Turkmenistan joins the natural gas elite

Dec 08, 2008 01:00 AM

by Peter C. Glover

The growth in global natural gas resources continues to grow. In July, a study done by Navigant Consulting estimated that America's potential gas resources may total 2,200 tcf. That's 50 % more gas than Russia and twice as much as Iran.
A more recent study, published in mid-November by consulting firm ICF International, estimated US gas resources at 1,830 tcf. The big US gas numbers are being driven by shale gas plays in Texas, Louisiana, Arkansas, Oklahoma and elsewhere.

And while those US gas reserves are important, the gas story that could alter the balance of power in Asia is coming out of Turkmenistan. In October, Gaffney, Cline and Associates (GCA), a major petroleum engineering consulting firm, estimated that Turkmenistan's South Yolotan-Osman gas field is one of the world's largest. The consulting firm's low estimate for the field as 140 tcf and the high estimate was nearly 500 tcf.
The best estimate of 210 tcf would make South Yolotan-Osman one of the fivelargest gas fields on earth. It would also make it five times larger than the Dauletabad gas field, previously believed to be Turkmenistan's largest, with 50 tcf. It would also dwarf Russia's giant Shtokman field, which is estimated to hold 140 tcf.

GCA's Jim Gillet was quoted as saying, "Production at South Yolotan-Osman can be built up gradually to 70 bn cm a year (2.5 tcf per year)." That would double Turkmenistan's current annual production. GCA's best estimate for a separate field at Yaslar has a further 53 tcf of gas. Gillet did not say how many more fields GCA is researching, or when a final report might be released.
The BP Statistical Review of World Energy currently shows Turkmenistan's gas reserves at just over 100 tcf. But the Turkmen government claims that total reserves now exceed 700 tcf. While that may be true, there are nagging questions over the country's ability to deliver on all of its gas commitments. Russia, China, Europe and Iran all want the gas. And for the near term, the key question is this: who will get the best access to the South Yolotan-Osman gas field?

The big increases in Turkmenistan's gas potential will be welcome news to the European and US backers of the Nabucco pipeline project. The westward-bound Nabucco, slated for construction in 2010 and due to open in 2013, is set to run under the Caspian Sea via Turkey, thus bypassing Russian soil. Nabucco's prime purpose is to reduce Europe's dependence on Russian gas supplies. But Nabucco was always dependent on Turkmenistan, or possibly Iranian, gas.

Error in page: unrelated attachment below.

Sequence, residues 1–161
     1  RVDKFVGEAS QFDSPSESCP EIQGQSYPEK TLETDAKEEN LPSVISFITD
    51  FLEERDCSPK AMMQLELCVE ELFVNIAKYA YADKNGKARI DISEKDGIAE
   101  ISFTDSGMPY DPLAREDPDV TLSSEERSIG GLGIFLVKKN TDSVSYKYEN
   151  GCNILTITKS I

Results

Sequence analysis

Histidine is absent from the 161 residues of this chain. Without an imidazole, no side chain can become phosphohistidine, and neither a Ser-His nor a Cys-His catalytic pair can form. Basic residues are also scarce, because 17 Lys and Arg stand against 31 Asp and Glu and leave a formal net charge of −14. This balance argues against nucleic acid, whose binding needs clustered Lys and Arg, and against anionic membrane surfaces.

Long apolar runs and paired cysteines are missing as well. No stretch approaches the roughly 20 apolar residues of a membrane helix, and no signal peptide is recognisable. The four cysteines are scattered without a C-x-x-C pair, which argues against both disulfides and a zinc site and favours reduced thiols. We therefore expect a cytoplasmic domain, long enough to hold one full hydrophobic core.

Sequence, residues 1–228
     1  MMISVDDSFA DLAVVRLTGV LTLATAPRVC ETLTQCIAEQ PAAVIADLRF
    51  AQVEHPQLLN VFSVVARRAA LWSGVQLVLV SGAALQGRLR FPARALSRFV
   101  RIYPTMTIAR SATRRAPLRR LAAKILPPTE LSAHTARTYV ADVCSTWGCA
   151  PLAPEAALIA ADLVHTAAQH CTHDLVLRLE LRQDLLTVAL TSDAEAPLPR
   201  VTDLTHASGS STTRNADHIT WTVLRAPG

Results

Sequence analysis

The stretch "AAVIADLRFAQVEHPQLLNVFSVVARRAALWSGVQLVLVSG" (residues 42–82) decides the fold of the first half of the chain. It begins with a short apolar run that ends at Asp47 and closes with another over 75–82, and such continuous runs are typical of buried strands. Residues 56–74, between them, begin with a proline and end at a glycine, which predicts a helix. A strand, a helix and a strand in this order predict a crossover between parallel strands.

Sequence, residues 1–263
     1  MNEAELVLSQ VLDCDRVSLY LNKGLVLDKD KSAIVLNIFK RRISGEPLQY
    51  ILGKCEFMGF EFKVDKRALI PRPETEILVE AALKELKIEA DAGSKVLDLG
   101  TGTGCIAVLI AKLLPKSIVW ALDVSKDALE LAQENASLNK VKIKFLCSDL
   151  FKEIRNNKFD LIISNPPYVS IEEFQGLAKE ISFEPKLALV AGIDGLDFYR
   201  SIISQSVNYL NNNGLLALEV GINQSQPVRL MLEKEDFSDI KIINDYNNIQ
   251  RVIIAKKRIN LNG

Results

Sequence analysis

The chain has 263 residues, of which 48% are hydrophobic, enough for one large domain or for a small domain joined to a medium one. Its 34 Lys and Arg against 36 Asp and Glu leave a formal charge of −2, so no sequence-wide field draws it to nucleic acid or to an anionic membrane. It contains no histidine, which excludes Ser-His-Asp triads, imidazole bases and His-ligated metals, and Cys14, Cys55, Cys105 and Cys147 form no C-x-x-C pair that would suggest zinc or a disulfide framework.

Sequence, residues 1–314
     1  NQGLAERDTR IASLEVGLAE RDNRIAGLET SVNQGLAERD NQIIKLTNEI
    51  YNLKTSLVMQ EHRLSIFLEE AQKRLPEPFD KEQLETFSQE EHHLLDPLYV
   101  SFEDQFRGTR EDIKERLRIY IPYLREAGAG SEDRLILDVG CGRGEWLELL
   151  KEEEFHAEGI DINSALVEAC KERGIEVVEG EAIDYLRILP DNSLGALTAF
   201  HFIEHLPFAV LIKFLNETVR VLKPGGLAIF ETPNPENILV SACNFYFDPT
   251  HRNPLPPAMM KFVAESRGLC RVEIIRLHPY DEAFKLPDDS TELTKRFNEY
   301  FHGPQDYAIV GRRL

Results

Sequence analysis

The viability of both sources, however, had been in doubt. All that may now change.

Vladimir Putin and his cronies at Gazprom are undoubtedly nervous about Nabucco. It poses a genuine threat to Russia's energy-driven strategy. Russia's rival project to Nabucco, the South Stream pipeline, designed to further southern Europe's gas dependency, has yet to take off, in part due to US pressure on South Stream's transit countries. Meanwhile, Tehran, the other major participantin Russia's proposed gas cartel, sees Nabucco as a passport to the lucrative European market.
Even so, in the renewed game over Turkmenistan's latest gas finds, Russia still holds vital cards. The reality is Russia needs Turkmenistan's gas if it is to fulfil its supply commitments to the European market, a market that accounts for 70 % of Gazprom's current total revenue.

China also has designs on gas from Central Asia. It wants to more than double its ratio of gas consumption as a proportion of its total energy use by 2010. In July, Turkmenistan President Gurbanguly Berdymukhamedov hosted a visit from his Chinese counterpart, Hu Jintao. A new gas pipeline to China with a capacity of over 1 tcf per year topped their agenda.
China intends the Turkmenistan pipeline to form the first of three that will carry gas supplies from Uzbekistan and Kazakhstan as well. And China will have no scruples about directly offering what Turkmenistan most needs: greater economic development. More pragmatically, China may simply choose to work with Russia in, among other things, helping it to develop Turkmenistan's gas production infrastructure generally.

In July, China's Vice Premier Wang Oishan hosted a visit from Russia's Deputy Prime Minister Igor Sechin, ostensibly to launch an "energy negotiation mechanism." Neither side subsequently made any public statements on what was agreed, but it is believed an energy accord was signed.
The geopolitics of the former Soviet Union and surroundings is clearly vital for the future energy security and stability of the West. But Turkmenistan's newfound gas riches could ultimately allow it to send gas both east and west, thereby rivalling Russia, and perhaps Iran, s a regional gas superpower.

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